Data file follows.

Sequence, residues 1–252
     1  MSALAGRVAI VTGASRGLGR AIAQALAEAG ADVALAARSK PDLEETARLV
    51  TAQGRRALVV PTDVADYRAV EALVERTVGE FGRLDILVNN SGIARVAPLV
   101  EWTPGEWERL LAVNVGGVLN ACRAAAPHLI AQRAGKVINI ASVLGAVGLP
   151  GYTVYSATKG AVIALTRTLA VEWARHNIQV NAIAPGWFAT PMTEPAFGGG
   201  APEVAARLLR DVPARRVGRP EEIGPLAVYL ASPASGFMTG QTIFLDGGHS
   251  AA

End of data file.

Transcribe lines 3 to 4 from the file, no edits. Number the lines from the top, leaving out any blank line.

    51  TAQGRRALVV PTDVADYRAV EALVERTVGE FGRLDILVNN SGIARVAPLV
   101  EWTPGEWERL LAVNVGGVLN ACRAAAPHLI AQRAGKVINI ASVLGAVGLP